The American Medical Association’s delegates held their annual meeting over the weekend, at which the most contested issue under discussion was the individual mandate to purchase health insurance or pay a fee, and whether the AMA should continue, as it has since 2006, to officially support such a mandate. The mandate is a crucial component of the Affordable Care Act passed by the Democratic Congress last year.
Despite the controversy, the delegates voted on Monday in favor of maintaining support for the mandate by a vote of 326-165. An alternative proposal, in favor of the government encouraging the purchase of insurance through tax credits but not requiring it, was supported by delegations from several more conservative states.
MedPage Today reports on a sense of increased controversy over the mandate at the meeting:
The AMA’s “individual responsibility” hasn’t been a point of contention at previous meetings. But that was before the national debate over healthcare reform divided the nation, and divided AMA members … During Sunday’s meeting of the Medical Services Committee where the issue was being discussed, lines of physicians eager to voice their opinions for or against the individual mandate snaked around the room and out the door.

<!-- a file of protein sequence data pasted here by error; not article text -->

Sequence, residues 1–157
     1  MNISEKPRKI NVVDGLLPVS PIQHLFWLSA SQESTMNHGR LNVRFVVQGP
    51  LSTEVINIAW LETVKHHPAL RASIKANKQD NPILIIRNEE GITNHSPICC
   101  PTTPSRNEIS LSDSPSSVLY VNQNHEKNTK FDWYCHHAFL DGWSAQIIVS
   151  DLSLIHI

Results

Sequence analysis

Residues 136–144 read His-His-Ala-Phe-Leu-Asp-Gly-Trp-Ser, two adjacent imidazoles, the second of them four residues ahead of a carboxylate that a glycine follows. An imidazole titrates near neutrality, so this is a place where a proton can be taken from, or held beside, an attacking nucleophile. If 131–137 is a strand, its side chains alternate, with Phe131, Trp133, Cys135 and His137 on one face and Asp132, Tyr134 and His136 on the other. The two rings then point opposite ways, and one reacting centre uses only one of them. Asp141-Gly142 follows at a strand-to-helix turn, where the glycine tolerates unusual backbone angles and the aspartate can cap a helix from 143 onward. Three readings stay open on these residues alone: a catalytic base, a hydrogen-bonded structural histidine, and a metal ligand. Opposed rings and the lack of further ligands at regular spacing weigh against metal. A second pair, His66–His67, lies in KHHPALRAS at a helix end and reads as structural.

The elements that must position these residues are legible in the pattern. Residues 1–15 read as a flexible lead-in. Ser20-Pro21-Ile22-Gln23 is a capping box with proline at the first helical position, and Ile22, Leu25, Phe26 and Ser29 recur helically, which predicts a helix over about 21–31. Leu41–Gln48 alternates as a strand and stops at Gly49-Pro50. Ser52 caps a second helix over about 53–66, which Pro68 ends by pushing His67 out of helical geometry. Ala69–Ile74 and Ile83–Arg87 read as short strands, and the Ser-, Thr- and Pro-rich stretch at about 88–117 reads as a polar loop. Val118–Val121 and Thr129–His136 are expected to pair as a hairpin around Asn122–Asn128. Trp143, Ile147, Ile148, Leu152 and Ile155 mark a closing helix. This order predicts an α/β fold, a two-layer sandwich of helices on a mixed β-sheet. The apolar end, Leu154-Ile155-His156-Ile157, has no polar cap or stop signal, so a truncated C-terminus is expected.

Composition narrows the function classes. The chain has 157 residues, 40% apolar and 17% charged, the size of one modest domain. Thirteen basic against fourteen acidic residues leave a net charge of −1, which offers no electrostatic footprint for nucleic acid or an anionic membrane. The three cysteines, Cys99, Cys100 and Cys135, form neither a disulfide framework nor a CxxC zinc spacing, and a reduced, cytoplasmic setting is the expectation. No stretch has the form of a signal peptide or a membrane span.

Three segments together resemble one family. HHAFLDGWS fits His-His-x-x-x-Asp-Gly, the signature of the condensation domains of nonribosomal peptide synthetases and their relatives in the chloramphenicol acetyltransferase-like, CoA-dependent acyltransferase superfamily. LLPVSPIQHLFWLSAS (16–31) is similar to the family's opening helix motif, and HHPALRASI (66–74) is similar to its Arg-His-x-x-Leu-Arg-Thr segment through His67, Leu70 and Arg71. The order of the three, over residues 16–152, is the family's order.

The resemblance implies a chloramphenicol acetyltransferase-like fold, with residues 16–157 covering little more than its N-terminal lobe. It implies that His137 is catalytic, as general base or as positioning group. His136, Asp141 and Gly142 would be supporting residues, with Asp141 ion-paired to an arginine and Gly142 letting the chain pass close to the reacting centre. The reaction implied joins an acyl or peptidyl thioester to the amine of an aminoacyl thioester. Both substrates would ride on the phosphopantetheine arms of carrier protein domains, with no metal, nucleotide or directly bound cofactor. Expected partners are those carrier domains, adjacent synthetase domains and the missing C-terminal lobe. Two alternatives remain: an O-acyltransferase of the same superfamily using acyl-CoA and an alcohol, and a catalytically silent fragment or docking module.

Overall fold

This is not the first time that strong voices and politics have divided the AMA over mandates: In 1993, amid national discussion of President Clinton’s proposed health care reform, the AMA voted to neither reject nor endorse a mandate for employers to purchase insurance for their workers, despite having supported such a mandate in previous meetings.
The AMA has had no clear partisan allegiance over the past two decades, according to OpenSecrets. Although its campaign contributions have more often gone to Republicans, contributions to Democrats have been relatively higher in election years where Democrats had the majority in Congress. Among the most important issues to the AMA have been medical malpractice tort reform, primarily a Republican-supported issue, and protecting and expanding Medicare payments, which both parties have defended at various points in time.
The individual mandate to buy private insurance was first proposed as a Republican alternative to the single-payer health insurance system preferred by liberal Democrats under the first Bush administration in 1991. It has since become extremely unpopular among Republicans and the conservative movement, in large part because of its association with President Obama and the Democratic Party. National Review recently condemned Mitt Romney’s candidacy for president because of his involvement with the creation of a state-level individual mandate as governor of Massachusetts.